With all the misinformation out there, why would you want to know about yet another set of conditions that may or may not increase your risk of breast cancer? I believe strongly that very early detection of abnormalities in the breast area is still the best way of stopping breast cancer tumors in their tracks.
Education really is the key to early detection. Therefore, obtaining the right kind of information is crucial – in order to choose a course of action based on empowered decision-making, not a knee-jerk reaction.
Understanding the conditions associated with BPBD
Dozens of non-cancerous benign proliferative breast disease (BPBD) conditions have been identified by mainstream science over the years. Here are just a few of the most common ones:
- Fibrocystic Changes (FCCs): Another name for a FCC is a “cyst.” This is by far the most common BPBD condition, occurring in 50 % of all women. Cysts mostly affect women during their menstruating years, particularly ages 30 to 50.
- Ectopic breast (mammary heterotopia): “Ectopic breast” is a term used to describe extra tissue in the breast area (usually formed during embryonic development). The general term can describe everything from accessory tissue that is unnoticeable to eye to the presence of an extra nipple or even an extra breast. Surprisingly, 6% of the population has some form of this condition, making it the most common genetic condition effecting the breasts.
- Mastitis: Mastitis is an infection of the breast. Pain, swelling, redness and heat in the area as well as flu-like symptoms are all signs. The most common form of mastitis is lactation mastitis, which occurs to breast-feeding women, but other forms of mastitis can affect non-lactating women. Granulomatous Mastitis is caused by a foreign substance or as a result of an autoimmune condition or diabetes. Although it is not common, it should be noted that inflammatory breast cancer can mimic mastitis in its symptoms, especially since, in this form of breast cancer, there is often no sign of a tumor.
- Hyperplasia: Hyperplasia is an increase in organic tissue caused by cell proliferation. Hyperplasia can occur in many parts of the body, including the uterus, gums and breasts. With typical hyperplasia, cells may look normal under a microscope.But, atypical ductal hyperplasia cells do not look normal. Where one line of cells would normally be surrounding a breast duct, for example, there may be many layers. Women with atypical ductal hyperplasia are said to be at 3.5 to 5 times greater risk for developing breast cancer.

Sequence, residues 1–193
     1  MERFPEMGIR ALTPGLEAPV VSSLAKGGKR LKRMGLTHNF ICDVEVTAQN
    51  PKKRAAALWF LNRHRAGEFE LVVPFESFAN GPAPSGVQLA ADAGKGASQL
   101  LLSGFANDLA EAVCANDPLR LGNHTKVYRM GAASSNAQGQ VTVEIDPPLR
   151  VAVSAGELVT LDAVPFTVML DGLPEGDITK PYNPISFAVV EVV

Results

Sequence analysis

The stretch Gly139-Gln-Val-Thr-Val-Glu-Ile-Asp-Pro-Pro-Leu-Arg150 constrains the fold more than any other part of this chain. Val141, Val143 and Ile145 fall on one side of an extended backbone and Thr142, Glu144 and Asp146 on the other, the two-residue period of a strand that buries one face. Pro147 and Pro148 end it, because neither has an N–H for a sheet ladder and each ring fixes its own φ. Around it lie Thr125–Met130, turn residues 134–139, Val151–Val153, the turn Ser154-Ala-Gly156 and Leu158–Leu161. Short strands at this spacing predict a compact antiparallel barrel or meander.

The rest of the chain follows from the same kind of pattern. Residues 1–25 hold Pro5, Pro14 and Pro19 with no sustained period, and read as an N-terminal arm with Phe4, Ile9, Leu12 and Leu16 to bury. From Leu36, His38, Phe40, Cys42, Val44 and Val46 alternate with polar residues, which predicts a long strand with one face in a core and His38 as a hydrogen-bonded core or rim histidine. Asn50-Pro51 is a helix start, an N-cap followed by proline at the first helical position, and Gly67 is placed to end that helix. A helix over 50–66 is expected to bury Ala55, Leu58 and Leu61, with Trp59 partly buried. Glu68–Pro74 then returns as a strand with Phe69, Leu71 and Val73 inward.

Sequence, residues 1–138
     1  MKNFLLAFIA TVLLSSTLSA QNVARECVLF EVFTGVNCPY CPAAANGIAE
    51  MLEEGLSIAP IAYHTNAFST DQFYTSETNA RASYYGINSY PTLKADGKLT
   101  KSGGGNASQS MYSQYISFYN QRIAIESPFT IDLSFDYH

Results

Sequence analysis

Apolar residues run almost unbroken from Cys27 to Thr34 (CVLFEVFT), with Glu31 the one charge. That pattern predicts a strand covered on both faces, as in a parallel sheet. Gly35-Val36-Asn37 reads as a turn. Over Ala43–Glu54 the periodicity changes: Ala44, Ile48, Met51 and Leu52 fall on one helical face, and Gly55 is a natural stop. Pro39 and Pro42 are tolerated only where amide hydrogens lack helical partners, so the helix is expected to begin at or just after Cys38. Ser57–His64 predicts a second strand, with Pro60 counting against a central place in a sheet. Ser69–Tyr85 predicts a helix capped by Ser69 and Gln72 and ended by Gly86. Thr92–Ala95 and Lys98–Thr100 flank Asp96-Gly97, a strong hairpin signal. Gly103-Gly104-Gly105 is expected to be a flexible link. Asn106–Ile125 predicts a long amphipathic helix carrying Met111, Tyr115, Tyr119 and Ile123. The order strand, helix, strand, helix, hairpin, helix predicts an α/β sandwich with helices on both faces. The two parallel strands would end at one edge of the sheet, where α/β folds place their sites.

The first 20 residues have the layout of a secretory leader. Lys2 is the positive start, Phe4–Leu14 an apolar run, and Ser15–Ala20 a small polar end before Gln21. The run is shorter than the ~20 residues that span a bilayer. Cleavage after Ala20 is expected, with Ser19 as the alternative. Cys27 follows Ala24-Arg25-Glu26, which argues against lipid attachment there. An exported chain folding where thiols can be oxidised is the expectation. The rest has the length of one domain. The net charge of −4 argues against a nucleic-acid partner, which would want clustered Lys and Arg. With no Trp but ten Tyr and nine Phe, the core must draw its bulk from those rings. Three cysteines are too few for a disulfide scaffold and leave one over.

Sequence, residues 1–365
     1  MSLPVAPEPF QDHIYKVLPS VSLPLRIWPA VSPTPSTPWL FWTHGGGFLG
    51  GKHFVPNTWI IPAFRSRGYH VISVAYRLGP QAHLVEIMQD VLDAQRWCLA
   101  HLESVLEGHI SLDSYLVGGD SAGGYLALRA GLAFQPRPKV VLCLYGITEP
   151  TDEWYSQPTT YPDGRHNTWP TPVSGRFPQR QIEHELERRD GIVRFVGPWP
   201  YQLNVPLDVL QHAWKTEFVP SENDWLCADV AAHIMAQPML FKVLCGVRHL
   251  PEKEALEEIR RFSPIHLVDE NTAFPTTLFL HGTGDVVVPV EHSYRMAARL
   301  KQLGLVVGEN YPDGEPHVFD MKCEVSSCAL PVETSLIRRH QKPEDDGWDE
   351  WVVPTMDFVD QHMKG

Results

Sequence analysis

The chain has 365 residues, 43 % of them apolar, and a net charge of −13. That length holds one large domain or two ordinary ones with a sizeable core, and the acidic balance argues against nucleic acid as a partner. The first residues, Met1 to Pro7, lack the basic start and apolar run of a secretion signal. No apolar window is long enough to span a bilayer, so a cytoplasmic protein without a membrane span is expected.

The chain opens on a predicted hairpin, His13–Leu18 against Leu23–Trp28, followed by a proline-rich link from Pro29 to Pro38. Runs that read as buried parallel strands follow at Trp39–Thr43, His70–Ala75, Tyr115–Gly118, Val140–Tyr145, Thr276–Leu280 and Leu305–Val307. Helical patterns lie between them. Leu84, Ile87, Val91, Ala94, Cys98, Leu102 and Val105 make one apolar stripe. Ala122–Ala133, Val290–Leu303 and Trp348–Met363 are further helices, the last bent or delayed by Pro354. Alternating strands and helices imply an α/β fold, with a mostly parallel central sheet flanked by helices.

For example, women who use birth control pills are at a greater risk for developing cysts in their breast and are also at a greater risk for breast cancer, since “the pill” use hormones that may overstimulate breast cells in order to block pregnancy.
What you should do if you have a BPBD condition
If a conventional doctor discovers a BPBD condition in your breast area, you may be told to get a biopsy or even schedule surgery. At the very least, conventionally-trained physicians will suggest increased monitoring of your breasts through mammogram.
All of these actions will put you at higher risk of breast cancer.
What’s more, thermography can detect not only tumor growth but other red flags in breast tissue years before a mammogram often can.
Nutritional changes can also up your chances of not only reversing BPBD but also reducing your risk of breast cancer. For example, eating a diet high in fiber has been linked to less incidences of BPBD in both adult and adolescent women, according to recent studies.
Likewise, a powerful report published in the American Journal of Clinical Nutrition stated that, in thousands of cases, “every 10-g/d increment in dietary fiber intake was associated with a significant 7% reduction in breast cancer risk.”
Research has also demonstrated the link between high sugar levels, inflammation and BPBDs. Reducing your intake of inflammation-causing foods such as sweets, gluten and processed foods as well as practicing periodic calorie restriction protocols and fasting can significantly reduce these factors.
Again, remember that benign proliferative breast disease is NOT breast cancer. It is something to be aware of and monitor safely. It can also be a strong motivator for kick-starting your own healing protocol which will not only be good for your breasts, but for your entire body as well.